Introduction On June 24, — during the waning days of President Barack Obama's administration — Department of Homeland Security Secretary Jeh Johnson sent a three-page memorandum to 10 top law enforcement chiefs responsible for border security. So far, it also has evaded much mention in national debate over Trump administration immigration policy.
A major focus of his campaign was on removing immigrants who, he said, were increasing crime in American communities.
We turned to our experts for answers. Across metropolitan areas Robert Adelman, University at Buffalo, and Lesley Reid, University of Alabama Research has shown virtually no support for the enduring assumption that increases in immigration are associated with increases in crime.
We analyzed census data spanning four decades from to for randomly selected metropolitan areas, which include center cities and surrounding suburbs. Examining data over time allowed us to assess whether the relationship between immigration and crime changed with the broader U.
The most striking finding from our research is that for murder, robbery, burglary and larceny, as immigration increased, crime decreased, on average, in American metropolitan areas.
The only crime that immigration had no impact on was aggravated assault. These associations are strong and stable evidence that immigration does not cause crime to increase in U.
There are a number of ideas among scholars that explain why more immigration leads to less crime. Across 20 years of data Charis E. Kubrin, University of California, Irvine, and Graham Ousey, College of William and Mary For the last decade, we have been studying how immigration to an area impacts crime.
Cities and neighborhoods with greater concentrations of immigrants have lower rates of crime and violence, all else being equal. Our research also points to the importance of city context for understanding the immigration-crime relationship. Findings from our most recent study, forthcoming in the inaugural issue of The Annual Review of Criminology, only strengthen these conclusions.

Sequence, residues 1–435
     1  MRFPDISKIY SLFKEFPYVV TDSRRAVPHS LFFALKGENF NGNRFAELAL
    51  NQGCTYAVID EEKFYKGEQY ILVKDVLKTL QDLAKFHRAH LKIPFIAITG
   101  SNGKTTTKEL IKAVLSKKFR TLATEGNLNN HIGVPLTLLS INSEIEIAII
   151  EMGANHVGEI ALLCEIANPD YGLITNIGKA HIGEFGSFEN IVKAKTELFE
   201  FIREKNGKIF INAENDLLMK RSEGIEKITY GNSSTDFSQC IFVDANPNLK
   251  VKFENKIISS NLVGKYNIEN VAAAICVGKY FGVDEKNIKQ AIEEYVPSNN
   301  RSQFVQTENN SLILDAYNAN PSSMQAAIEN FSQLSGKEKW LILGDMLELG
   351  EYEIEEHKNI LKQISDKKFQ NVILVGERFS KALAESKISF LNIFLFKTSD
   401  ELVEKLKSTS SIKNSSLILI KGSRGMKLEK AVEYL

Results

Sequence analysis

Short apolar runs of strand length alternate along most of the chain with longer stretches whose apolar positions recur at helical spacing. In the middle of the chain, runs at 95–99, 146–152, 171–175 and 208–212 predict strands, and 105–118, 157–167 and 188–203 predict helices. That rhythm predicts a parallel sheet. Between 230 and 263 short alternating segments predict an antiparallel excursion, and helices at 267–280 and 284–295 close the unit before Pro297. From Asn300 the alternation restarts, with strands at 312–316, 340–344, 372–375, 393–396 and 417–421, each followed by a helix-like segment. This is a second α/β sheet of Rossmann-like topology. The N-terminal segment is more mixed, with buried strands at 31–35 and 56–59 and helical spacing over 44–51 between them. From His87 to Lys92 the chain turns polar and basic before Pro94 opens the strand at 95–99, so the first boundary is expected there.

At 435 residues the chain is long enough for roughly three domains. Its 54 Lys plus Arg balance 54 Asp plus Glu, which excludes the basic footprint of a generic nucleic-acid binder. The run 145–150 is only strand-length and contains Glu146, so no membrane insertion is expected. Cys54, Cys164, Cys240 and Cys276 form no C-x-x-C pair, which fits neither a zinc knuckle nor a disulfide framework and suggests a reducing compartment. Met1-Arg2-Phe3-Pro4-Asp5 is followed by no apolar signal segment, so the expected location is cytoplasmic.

We conducted a meta-analysis, meaning we systematically evaluated available research on the immigration-crime relationship in neighborhoods, cities and metropolitan areas across the U.
We examined findings from more than 50 studies published between andincluding studies conducted by our copanelists, Adelman and Reid. Our analysis of the literature reveals that immigration has a weak crime-suppressing effect.
In other words, more immigration equals less crime. There were some individual studies that found that with an increase in immigration, there was an increase in crime.
However, there were 2. And, the most common finding was that immigration had no impact on crime. We find no evidence to indicate that immigration leads to more crime and it may, in fact, suppress it.
Read the original article. Lesley Reid Lesley Reid is a professor and department chair of criminology and criminal justice at the University of Alabama.It is the nation's only think tank devoted exclusively to research and policy analysis of the economic, social, demographic, fiscal, and other impacts of immigration on the United States.
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